Hi all,

I started to use NGSolve for solving some problems in modeling hyperelastic materials. I followed the examples here closely.

The example I want to calculate is the inflation of an ellipsoidal structure.

I generated my mesh as follows (units are in mm)

from ngsolve import *
from netgen.occ import *
from ngsolve.webgui import Draw
from ngsolve.solvers import NewtonMinimization
ngsglobals.msg_level = 1

import matplotlib.pyplot as plt
from scipy.stats import qmc
import scipy as sp
import numpy as np
np.random.seed(137)

rs_endo = 2.5e-2 * 10 ** 3
rl_endo = 9.0e-2 * 10 ** 3
rs_epi  = 3.5e-2 * 10 ** 3
rl_epi  = 9.7e-2 * 10 ** 3

ax = Axes((1,0,0), n=X, h=Y)
ax2 = Axes((1,0,0), n=X, h=Y)
maxh=3.0

ell_endo = Ellipsoid (Axis ((0,0,0), X), rl_endo, rs_endo)
ell_endo.faces.name = "endocardium"
ell_endo.faces.col = (0.5,0.5,0)

ell_epi = Ellipsoid (Axis ((0,0,0), X), rl_epi, rs_epi)
ell_epi.faces.name = "epicardium"
ell_epi.faces.col = (1,0,0)

cutplane=HalfSpace((-25,0,0), X)
cutplane.faces.name="top"
cutplane.faces.col=(0,0,1)
lv = (ell_epi-ell_endo)-cutplane

geo = OCCGeometry(lv)
mesh=Mesh(geo.GenerateMesh(maxh=maxh))


This works fine. Now I can replicate some of the features laid out in the elasticity examples of the NGS24 workshop. I adapted things for almost incompressible Elasticity

fes = VectorH1(mesh, order=1, dirichlet="top")
u, deltau = fes.TnT()
gfu = GridFunction(fes)
normal = specialcf.normal(mesh.dim)

kPa2MPa = 1e-3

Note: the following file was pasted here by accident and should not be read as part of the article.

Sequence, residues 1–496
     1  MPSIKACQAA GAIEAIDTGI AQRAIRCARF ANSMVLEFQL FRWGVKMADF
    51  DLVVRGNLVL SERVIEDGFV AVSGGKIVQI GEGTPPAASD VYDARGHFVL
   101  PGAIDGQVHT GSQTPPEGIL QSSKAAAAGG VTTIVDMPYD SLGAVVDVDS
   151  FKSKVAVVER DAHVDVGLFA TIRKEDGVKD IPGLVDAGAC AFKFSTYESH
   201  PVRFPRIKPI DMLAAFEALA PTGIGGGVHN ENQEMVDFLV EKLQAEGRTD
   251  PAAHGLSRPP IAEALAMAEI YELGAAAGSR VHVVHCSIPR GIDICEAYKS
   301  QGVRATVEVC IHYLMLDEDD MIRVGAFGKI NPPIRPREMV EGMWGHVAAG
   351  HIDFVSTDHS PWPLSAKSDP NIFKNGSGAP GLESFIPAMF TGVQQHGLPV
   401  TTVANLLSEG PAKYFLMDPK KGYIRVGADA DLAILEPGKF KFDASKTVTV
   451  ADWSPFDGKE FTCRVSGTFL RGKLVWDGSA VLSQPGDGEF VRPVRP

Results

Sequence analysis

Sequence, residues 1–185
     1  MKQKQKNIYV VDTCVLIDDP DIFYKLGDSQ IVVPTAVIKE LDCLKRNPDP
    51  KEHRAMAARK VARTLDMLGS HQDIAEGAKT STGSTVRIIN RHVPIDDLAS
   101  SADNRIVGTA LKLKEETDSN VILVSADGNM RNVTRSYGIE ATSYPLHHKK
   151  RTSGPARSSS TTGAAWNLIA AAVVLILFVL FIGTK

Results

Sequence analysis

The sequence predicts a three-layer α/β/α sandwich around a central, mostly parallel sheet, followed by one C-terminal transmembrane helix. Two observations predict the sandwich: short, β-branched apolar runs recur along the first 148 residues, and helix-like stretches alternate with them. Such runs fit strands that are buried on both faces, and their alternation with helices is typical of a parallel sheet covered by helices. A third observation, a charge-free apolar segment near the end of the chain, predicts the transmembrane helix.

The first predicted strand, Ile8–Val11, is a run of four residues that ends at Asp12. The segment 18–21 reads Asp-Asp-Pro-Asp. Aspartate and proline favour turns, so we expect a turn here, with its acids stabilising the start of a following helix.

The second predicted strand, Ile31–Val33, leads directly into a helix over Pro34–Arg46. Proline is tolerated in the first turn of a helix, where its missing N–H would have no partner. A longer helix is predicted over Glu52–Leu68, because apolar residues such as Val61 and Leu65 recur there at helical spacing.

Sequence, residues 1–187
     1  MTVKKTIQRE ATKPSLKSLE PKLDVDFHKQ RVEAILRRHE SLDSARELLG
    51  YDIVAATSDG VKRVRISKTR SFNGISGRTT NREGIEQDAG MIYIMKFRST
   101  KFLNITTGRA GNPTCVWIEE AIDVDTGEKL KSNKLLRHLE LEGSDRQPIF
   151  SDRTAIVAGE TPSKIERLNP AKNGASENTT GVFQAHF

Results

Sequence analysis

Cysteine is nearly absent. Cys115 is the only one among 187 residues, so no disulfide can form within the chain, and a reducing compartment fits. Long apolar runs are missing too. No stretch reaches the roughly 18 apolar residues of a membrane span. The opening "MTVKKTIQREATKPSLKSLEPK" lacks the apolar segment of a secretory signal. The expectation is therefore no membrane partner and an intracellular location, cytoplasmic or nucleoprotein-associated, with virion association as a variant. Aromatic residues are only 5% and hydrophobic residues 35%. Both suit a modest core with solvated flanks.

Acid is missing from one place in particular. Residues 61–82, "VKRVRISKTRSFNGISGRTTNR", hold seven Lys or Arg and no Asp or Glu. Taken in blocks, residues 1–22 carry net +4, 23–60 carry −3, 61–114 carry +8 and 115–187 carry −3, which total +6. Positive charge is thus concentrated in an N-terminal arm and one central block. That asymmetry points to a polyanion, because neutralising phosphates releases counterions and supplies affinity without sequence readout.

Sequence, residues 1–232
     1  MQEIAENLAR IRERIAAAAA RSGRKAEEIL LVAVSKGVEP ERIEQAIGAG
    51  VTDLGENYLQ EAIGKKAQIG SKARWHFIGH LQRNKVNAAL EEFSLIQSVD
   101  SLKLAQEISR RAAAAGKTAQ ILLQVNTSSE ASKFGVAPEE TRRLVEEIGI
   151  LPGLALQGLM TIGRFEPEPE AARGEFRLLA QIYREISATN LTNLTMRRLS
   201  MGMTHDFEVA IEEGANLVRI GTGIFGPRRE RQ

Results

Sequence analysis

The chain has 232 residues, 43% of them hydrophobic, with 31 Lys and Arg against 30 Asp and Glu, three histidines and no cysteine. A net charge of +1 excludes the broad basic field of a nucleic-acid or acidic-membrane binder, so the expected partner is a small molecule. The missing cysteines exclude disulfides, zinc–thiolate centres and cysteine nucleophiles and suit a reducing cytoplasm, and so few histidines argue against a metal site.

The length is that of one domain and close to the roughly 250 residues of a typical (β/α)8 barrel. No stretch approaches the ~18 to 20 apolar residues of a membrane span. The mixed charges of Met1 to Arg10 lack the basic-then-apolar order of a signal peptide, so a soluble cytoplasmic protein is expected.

mu = 33.3 * kPa2MPa
kappa = 1000 * kPa2MPa
appl_pressure = Parameter(0.0) # in kPa

def psi(F):
C = F.trans * F
J = Det(F)
Cbar = J**(-2/3) * C
Wiso = mu/2*(Trace(Cbar)-3)
Wvol = kappa/2 * log(J)**2
return Wiso + Wvol

a = BilinearForm(fes, symmetric=False)

# Energy volumetric

# dead load (pressure acts against normal direction this swallows the minus sign
a += appl_pressure *kPa2MPa*InnerProduct(normal, deltau)*ds("endocardium")

print("Solve Nonlinear Elast for p=", pressure)
# Solution
gfu = ng.GridFunction(fes)
gfu.vec[:] = 0
# Set params
newval = 0.0
conv = 0
converged  = True
newval += incpr
print(" | val", newval)
appl_pressure .Set(newval)
i1, _ = NewtonMinimization(a, gfu, printing=True, linesearch=False, inverse="pardiso", maxerr=1e-6, maxit=10)
conv = conv + i1
if conv < 0:
converged = False
return gfu, converged


However, what I would actually like to model is a followerload which is defined as

with
F = I + \nabla u,~J=\mathrm{det}(F),~P=\frac{\partial \Psi(F)}{\partial F} and N being the normal vector in the reference configuration (aka specialcf.normal).

The above example actually models

Since follower loads don’t allow for a potential formulation I wanted to ask how I could introduce this here in my example?

Hi Elias,

as you say, you don’t have a potential, so you cannot use the NewtonMinimization -solver (which does a line-search), but you can use the built-in Newton - solver.

You want the normal on the deformed configuration:

n = J F^{-T} N = Cof(F) N

On the boundary, we don’t have access to the whole \nabla u, only to the surface gradient \nabla_S u which can be computed from u on the boundary. If my quick guess is correct, then

Cof(F) N = Cof(I + \nabla_S u) N

best, Joachim

Hi Joachim,

so if I do something like

fes = ng.VectorH1(mesh, order=1, dirichlet="top")
#fes = ng.H1(mesh, order=1,dim=mesh.dim)
u_elast = fes.TrialFunction()
v_elast = fes.TestFunction()
ubd = u_elast.Trace()
Fbd = F(ubd)
FbdT = Fbd.trans
J = ng.Det(Fbd)
cofactor = J * ng.Inv(FbdT)
normal = ng.specialcf.normal(3)
a_elast = ng.BilinearForm(fes, symmetric=False)
a_elast += ng.Variation( Psi(F(u_elast)).Compile(realcompile=False)*ng.dx
a_elast += inn_val * (ng.InnerProduct(cofactor * normal, v_elast)).Compile(realcompile=False) * ng.ds(definedon="endocardium")


this should work? I’m still a bit confused that in some examples you set realcompile=False and in some you don’t, what’s the difference here?

Cheers
Elias

here is a notebook explaining compile and real-compile:

https://jschoeberl.github.io/talk-pdesoft/wta/elasticity.html

Obviously, for real-compile you need a compiler installed. Thus, we avoid it in the tutorials.
Joachim